ITD, its Division of Motor Vehicles, and the Idaho Department of Correction jointly unveiled four new license plate designs -- the first to be produced in a new digital format during a Tuesday news conference at Correctional Industries.
Sales began Tuesday (Sept. 24) for the Breast Cancer Awareness, Idaho Historic Preservation, Elks Rehabilitation Hospital and National Rifle Association plates. Representatives of the organizations were present when samples of the plate were introduced. Sen. John McGee served as master of ceremonies while ITD Deputy Director Scott Stokes and Idaho Department of Correction Director Brent Reinke spoke at the event.
The digital license plate process represents a more efficient production method and offers sponsoring organizations the opportunity to use more detailed, higher resolution graphics than currently available on specialty plates.
With more than 60 specialty plate programs (of which 36 are currently available at the county offices), and with more programs being added through the Legislative process, Idaho will use the newest technology in the production of license plates. Idaho joins more than a dozen other states in the use of digital “flat” license plates.
Through this new process, motorists still will go into a county office to receive standard-issue license plates. However, if a motorist would like to obtain a specialty program plate to support one of numerous causes, he or she will pay the appropriate fees, and will receive a temporary registration that is valid for 45 days.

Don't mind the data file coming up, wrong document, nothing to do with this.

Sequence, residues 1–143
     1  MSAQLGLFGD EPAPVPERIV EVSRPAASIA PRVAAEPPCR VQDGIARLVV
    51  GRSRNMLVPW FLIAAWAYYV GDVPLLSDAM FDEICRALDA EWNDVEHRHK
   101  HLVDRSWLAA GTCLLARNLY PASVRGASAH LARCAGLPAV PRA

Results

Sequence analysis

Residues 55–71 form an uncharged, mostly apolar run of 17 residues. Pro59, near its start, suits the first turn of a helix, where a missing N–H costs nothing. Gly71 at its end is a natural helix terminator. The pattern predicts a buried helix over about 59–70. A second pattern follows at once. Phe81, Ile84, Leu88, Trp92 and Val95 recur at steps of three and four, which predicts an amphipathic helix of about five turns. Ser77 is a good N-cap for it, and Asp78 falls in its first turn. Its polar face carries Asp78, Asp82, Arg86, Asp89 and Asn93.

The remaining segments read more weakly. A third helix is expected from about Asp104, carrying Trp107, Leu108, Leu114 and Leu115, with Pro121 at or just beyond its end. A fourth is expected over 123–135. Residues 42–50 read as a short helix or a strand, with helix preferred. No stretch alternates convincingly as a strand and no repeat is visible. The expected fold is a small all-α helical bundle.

The sequential number assigned to the plate will be generated by the state’s registration system, and will be the next available number.
The order then will proceed to Correctional Industries, (Idaho’s license plate producer), where the plate will be manufactured, (or pulled from the existing embossed inventory) and mailed directly back to the motorist.
Four new plate programs will benefit from the new technology immediately.
New plates in digital format:
The National Rifle Association program: All additional funds will be deposited into the Highway Distribution Account and made available to state and local jurisdictions through the existing distribution formula.
The Breast Cancer Education and Screening program: Proceeds will benefit Idaho community health centers and will be used for education and screening of women who lack insurance coverage or funds to pay for services related to breast cancer education and screening.
The Idaho Elks Rehabilitation program: Proceeds will go to the hospital in Boise and help provide rehabilitative programs and services in specialized areas including pediatrics, brain injury, stroke, hearing and balance, the wound clinic, and physical, speech and occupational therapies.
The Idaho Historic Preservation program: Proceeds will be used by the Idaho Historic Society to protect and preserve the state’s heritage and cultural resources.
The digital license plate technology brings other benefits to the state, counties and motorists.
Actual issuance of digital plates will depend on plate type and program since varying inventories of each exist. ITD will continue to use the remaining inventory of embossed special and standard license plates until the supplies are depleted to eliminate waste and expenditure of resources.
Motorists will not be required to replace their current plates, until their seven-year reissue requirement is met. Under Idaho law, license plates are valid (upon annual registration renewal) for seven years before they must be replaced. Idaho will have a mix of embossed and digital plates on the highway for the next several years.
For all personalized/special-request plates, applications must be mailed or faxed to ITD in Boise. Motorists also can use the Web-based application available online at itd.idaho.gov .
will receive a temporary registration if requested and the order will